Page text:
Quantity: A/B testing is extremely important as an SDR, but a lot of reps get caught up making judgments about the effectiveness of their outreach far too quickly.  The SDR role is always going to be over 90% failure, so if you are making snap judgments after sending ten emails and not getting responses, you’re missing the bigger picture.  When you come up with a new message you want to try, or a new line for cold-calling, you need to do it 100 times every day until you have significant data to compare.  You’d be surprised how many reps will try something 5-10 times and decide it doesn’t work for them.  “Mindset” as an SDR is extremely important and you have to believe that if you try something 200 times you’ll get at least some responses to influence your future messaging and drive results. 

Quality: I always tell our team that the instant someone sees an email or message from an SDR, their assumption is most likely “they’re reaching out to book a meeting because it’s their job and I’m one of their assigned prospects for the quarter.”  Still, a lot of SDR outreach includes lines like “I think it would be a great idea for us to meet” or “this would be a perfect fit for you” without earning any trust. 

If you consider that as a prospect’s first reaction, it makes outreach a bit more simple when you consider that you’re already handling an objection from the moment you start reaching out.  So, the question you need to answer the moment you start typing that first cold email is “why are you reaching out to me?”  Find a way to repeatedly and efficiently research your prospects so you can say what makes them a good fit for a meeting.

As someone receiving outreach from SDRs, I can’t tell you how refreshing it is when someone starts their email with a genuine reason (about me or about Chili Piper) that they think we’d be a good fit for their product (IE our team has grown X amount in the last quarter, we manage X number of SDRs, we have a specific piece of content on our website that shows our intentions in a certain area, etc).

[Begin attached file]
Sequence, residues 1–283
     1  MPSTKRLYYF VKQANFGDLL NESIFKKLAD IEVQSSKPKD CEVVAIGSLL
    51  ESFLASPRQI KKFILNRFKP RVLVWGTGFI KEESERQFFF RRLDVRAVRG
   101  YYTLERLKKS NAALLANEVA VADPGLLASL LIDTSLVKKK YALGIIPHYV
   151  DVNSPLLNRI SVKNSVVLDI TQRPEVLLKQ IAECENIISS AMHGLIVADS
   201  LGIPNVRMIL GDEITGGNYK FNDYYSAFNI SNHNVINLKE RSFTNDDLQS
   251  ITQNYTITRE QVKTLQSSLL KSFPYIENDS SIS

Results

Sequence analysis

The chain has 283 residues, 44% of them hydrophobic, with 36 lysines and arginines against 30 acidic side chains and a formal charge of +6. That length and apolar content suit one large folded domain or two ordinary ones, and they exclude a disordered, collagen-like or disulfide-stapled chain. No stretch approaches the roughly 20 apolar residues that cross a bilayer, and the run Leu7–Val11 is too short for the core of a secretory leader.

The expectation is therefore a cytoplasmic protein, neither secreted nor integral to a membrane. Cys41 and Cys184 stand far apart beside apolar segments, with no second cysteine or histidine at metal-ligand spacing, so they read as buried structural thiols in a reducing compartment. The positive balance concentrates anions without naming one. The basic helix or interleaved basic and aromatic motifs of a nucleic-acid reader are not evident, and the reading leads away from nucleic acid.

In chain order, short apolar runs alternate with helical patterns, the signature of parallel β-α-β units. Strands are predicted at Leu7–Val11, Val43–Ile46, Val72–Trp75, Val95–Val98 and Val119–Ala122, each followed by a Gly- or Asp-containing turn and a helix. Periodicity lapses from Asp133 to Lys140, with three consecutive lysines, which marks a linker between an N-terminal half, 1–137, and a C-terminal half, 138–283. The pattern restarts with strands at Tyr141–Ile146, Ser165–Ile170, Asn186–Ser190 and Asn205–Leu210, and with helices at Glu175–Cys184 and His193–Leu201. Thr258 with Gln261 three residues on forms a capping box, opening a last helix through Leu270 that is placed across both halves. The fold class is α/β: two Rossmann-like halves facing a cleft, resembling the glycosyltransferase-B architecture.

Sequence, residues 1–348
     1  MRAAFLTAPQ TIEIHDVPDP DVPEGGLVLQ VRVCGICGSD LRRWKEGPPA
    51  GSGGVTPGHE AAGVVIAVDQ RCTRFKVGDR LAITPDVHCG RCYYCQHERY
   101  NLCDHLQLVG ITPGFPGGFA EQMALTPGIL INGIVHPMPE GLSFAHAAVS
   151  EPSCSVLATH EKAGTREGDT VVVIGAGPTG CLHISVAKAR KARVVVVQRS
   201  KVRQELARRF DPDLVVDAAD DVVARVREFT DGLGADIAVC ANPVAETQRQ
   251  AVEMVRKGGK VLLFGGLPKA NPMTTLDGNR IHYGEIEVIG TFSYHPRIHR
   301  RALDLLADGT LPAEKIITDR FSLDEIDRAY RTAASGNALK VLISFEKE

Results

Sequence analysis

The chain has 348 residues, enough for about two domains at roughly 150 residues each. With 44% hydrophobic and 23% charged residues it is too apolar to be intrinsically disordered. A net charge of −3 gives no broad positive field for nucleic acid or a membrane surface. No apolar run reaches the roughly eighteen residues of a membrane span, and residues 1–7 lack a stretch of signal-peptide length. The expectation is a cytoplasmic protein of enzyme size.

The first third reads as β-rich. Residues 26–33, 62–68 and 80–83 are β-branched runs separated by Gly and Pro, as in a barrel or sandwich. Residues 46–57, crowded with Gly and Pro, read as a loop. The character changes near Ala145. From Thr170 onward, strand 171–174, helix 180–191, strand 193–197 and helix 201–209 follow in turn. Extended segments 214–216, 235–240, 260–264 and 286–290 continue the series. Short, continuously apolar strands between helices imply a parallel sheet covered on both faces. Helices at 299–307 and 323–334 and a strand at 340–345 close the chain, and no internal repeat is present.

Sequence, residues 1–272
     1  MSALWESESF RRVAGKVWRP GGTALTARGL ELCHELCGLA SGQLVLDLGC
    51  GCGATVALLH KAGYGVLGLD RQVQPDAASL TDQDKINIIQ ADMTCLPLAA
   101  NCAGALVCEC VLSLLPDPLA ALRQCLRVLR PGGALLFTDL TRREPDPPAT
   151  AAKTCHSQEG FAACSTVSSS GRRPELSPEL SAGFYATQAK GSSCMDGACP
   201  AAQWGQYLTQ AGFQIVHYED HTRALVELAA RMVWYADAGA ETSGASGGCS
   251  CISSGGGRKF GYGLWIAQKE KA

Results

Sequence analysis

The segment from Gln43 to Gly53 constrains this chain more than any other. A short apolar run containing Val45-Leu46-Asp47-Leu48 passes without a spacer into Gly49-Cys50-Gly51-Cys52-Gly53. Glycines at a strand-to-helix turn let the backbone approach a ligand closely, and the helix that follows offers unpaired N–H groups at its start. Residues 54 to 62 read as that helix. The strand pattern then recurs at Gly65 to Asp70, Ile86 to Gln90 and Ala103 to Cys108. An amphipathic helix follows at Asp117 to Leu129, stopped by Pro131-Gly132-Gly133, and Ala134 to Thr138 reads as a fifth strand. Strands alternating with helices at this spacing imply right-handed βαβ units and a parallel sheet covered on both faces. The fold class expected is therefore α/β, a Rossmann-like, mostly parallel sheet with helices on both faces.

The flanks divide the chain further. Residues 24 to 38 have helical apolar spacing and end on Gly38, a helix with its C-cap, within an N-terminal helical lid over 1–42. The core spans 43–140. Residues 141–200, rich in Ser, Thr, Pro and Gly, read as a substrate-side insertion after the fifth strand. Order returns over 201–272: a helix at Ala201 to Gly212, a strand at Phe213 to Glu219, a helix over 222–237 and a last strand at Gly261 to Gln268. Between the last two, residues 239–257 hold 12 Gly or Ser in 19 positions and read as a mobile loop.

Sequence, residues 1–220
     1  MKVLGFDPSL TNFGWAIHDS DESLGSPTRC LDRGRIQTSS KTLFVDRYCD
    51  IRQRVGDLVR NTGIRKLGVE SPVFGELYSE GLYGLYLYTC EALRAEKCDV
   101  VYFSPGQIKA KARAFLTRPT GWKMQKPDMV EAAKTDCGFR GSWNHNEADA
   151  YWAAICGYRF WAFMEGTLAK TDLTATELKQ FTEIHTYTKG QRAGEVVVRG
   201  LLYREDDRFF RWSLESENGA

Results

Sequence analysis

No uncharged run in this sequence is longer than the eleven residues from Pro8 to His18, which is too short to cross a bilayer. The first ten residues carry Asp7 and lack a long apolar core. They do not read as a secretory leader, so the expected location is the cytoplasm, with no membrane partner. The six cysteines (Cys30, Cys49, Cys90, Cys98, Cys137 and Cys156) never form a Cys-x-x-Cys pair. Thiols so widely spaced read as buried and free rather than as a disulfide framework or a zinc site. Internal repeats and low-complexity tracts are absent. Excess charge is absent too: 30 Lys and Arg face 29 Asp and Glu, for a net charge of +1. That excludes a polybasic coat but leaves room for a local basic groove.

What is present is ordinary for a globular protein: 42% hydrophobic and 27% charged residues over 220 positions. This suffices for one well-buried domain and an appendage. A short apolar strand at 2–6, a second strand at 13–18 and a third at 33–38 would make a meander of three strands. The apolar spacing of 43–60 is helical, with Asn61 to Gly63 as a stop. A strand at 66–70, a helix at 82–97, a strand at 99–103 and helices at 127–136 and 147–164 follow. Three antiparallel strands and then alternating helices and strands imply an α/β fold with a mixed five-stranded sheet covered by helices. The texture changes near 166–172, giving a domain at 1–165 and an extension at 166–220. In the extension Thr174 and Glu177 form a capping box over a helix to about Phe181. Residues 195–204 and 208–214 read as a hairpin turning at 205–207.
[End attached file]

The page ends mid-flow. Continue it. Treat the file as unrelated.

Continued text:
Again, quantity vs. quantity is always a difficult balance, but an SDRs role is to make sure they’re doing intentional outreach and enough of it to take luck out of the equation and set themselves up for results.

Michelle VuSenior Director of Sales – G2

Q: If I am having a slow month/quarter (we all have them), what steps should I take to keep motivated and move forward to get back on track?

A: I look at this in 3 ways, mindset, data, and collaboration:

  • Mindset, in my opinion, is the single biggest tool in your toolbox that only you can control. Understand where your head is in that moment and think back to the successes you have had.  I always recommend creating a ‘warm, fuzzy’ folder or a ME folder, putting all the achievements, nice emails from customers, co-workers, etc in one spot, and go to that for motivation.  You can and will get back there!
  • Data- as we all know, numbers play a huge part in our role.  What is your current win rate?  Based on that, how much pipeline do you need to create to get back on pace?  If you have a call recording tool, can you pull out themes from the closed won deals?  Set small goals week by week.
  • Collaboration- never lose alone, never win alone.  Crowdsource from your peers what’s working and never be afraid to try a new tactic.  It’s the beauty of sales, you never know what will get you a meeting or that next deal, we always have to be creative and evolve. 

Hi {first name}.  76 Percent of B2B Buyers now expect much more personalized attention from folks trying to sell them stuff. It’s imperative that you get a good understanding of who you’re selling to and specifically why they would need your solution prior to reaching out.

Further to the above, 88% of B2B Buyers only make a purchase when they see their sales rep as a “Trusted Advisor.” Lead with value, offer impartial advice, and leverage your inner Todd Caponi by embracing transparency throughout your sales process.